Posts Tagged ‘review

07
Mai
09

i: A newspaper is born – the website | Nasceu um Jornal – o website

ilogo

Today is the beginning a new era in the portuguese news industry. i is out on the stands and the web, and it already has defined a unique personality, becoming a true game changer right from the start. This is a first glance review to their website and their online features.

Hoje é o início de uma nova era na indústria informativa portuguesa. O i está nas bancas e na web, e já tem definida uma personalidade única, assumindo-se desde início como uma verdadeira mudança. Esta é uma análise à primeira vista ao seu website e trabalho no online.

Cover & Article | Capa & Artigo

Home & Article | Início & Artigo

What is immediately striking when you open i‘s website is its cleanliness: three content columns under a  header, dominating the top of the page with a slideshow  for the major news stories ; there is no clutter, no text beyond tiles (finally somebody got it), video right in the middle of the page, that doesn’t get to fill the whole width of the screen. The left yellow sidebar shows the main website features, middle column is for content and on the right the usual “most read/commmented” boards, special assignments, and live sport results. At the bottom, three content columns: Country, World, Sports. Can’t get any simpler than that. The newsroom and the newspaper are divided into four sections: Zoom, Radar, More and Sports. The website reflects this oranization.

Each article seems to have at least one picture whenever possible and it has the usual vote, send and print features. It also has a social bookmarking tool that allows you to send the story to Google Bookmarks, Technorati, and (the schock!) Facebook, MySpace, Flickr(!?) and almighty Twitter. Social networking seems to be quite a deal for the project since they designated a few reporters to handle Twitter, Facebook, and YouTube accounts. In a Twitter conversation i had with the man in charge for social networking he put the concept in one word: they want to build an “icommunity”.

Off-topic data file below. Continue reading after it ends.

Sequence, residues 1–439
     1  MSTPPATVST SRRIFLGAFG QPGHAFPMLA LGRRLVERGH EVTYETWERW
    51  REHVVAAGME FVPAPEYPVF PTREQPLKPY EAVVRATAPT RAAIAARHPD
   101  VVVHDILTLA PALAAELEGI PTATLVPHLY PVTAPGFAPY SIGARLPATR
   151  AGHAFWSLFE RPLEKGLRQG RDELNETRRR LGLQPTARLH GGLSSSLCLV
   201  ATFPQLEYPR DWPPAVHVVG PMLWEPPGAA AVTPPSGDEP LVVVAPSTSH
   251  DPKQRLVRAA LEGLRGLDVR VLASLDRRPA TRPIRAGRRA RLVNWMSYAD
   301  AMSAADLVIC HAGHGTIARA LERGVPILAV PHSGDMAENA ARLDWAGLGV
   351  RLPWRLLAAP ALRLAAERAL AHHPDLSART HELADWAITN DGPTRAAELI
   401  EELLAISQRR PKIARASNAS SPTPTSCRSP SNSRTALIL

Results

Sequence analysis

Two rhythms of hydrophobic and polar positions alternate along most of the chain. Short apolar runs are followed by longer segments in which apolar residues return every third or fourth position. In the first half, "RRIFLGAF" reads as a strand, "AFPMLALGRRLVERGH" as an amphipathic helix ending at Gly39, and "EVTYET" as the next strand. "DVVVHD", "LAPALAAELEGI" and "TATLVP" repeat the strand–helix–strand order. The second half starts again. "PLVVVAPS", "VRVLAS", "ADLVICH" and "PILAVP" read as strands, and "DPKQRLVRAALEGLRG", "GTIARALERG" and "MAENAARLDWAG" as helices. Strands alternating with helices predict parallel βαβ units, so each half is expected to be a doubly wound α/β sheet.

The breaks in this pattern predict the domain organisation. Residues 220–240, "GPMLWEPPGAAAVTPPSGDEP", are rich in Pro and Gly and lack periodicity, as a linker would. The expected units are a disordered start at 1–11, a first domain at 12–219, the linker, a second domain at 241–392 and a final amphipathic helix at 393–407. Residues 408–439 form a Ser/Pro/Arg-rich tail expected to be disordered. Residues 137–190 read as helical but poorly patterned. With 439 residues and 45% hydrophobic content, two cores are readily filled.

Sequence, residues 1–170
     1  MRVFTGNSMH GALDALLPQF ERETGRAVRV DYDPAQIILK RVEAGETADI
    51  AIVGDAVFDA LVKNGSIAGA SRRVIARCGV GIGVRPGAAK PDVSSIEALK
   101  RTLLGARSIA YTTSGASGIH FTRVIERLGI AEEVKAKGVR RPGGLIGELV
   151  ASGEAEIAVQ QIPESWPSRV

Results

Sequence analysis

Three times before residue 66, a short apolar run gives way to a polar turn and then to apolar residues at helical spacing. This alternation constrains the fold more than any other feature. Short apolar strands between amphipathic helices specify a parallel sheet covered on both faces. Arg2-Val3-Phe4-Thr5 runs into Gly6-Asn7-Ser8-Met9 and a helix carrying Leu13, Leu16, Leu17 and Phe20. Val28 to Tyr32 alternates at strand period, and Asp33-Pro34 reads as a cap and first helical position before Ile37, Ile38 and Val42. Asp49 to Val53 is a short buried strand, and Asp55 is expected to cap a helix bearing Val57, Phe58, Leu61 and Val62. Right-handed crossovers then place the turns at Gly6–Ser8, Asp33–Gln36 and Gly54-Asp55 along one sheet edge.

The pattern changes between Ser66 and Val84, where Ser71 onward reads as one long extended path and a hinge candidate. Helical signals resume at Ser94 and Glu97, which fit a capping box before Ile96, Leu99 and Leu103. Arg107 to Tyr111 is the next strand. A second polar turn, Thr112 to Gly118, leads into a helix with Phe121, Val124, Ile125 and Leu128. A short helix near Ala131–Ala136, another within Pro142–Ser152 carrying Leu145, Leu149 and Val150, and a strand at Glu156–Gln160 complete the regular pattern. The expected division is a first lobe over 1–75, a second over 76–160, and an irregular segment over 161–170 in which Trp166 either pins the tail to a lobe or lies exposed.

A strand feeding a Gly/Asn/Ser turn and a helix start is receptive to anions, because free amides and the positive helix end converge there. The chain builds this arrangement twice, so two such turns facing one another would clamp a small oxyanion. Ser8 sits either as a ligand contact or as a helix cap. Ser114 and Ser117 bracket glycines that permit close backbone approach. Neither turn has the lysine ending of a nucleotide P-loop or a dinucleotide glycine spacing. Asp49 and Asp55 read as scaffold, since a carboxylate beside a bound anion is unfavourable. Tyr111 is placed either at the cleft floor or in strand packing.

Users are invited to participate in the life of the newsroom, sharing their news in a feature called iReporter. You send content using your user profile, and share it under “news story” or film, restaurant, music (etc) reviews, up to 1500 char. You can also post pictures and video right away. All articles must comply to i’s editorial rules.

The website also has a few blogs, i really didn’t explore them, but they all seem to be invited by the editors.

Another thing that i’m curious about is how they will interact with the rest of the companies of the group. They own a few regional newspapers and radios, and i wonder how national and local will work together (if ever). The website has a page for them, but for now, it’s just the logos.

Video seems to be an important bet for i. They look technically great, though the TV like narrative is still present (not a surprise, the presentation video was made by a TV journalist), but it looks good. Shareable, embeddable (except for wordpress.com, a platform problem), easy to load, what  else could you ask? I’ll be waiting for more video work.

Overall, the i website is one step into the future, in design -it looks gourgeous-, philosophy, organization. It is not made for shovelware, and it would be a real shame if they fell into that. There are other details i have to explore in time, like linking, comment moderation, social networks interaction, etc. But they’re off to a good start online.

O que imediatamente salta à vista quando entramos no site do i é a limpeza: três colunas de conteúdos sob um cabeçalho a dominar o topo da página com um slideshow para as notícias mais importantes; não está tudo atravancado, nenhum texto para além dos títulos (até que enfim que alguém percebeu isso), video mesmo no centro da página, que nem chega a ocupar toda a largura do monitor. A barra amarela de lado tem as rubricas principais do site, a coluna do meio é para o conteúdo informativo, e à direita os normais quadros de “mais lidos/comentados”, temas especiais, e resultados desportivos ao vivo. Ao fundo, três colunas de conteúdo: Portugal, Mundo,Desporto. Mais simples não há. A redacção e o jornal estão divididos em quatro secções: Zoom, Radar, Mais e Desporto, e isso nota-se no site.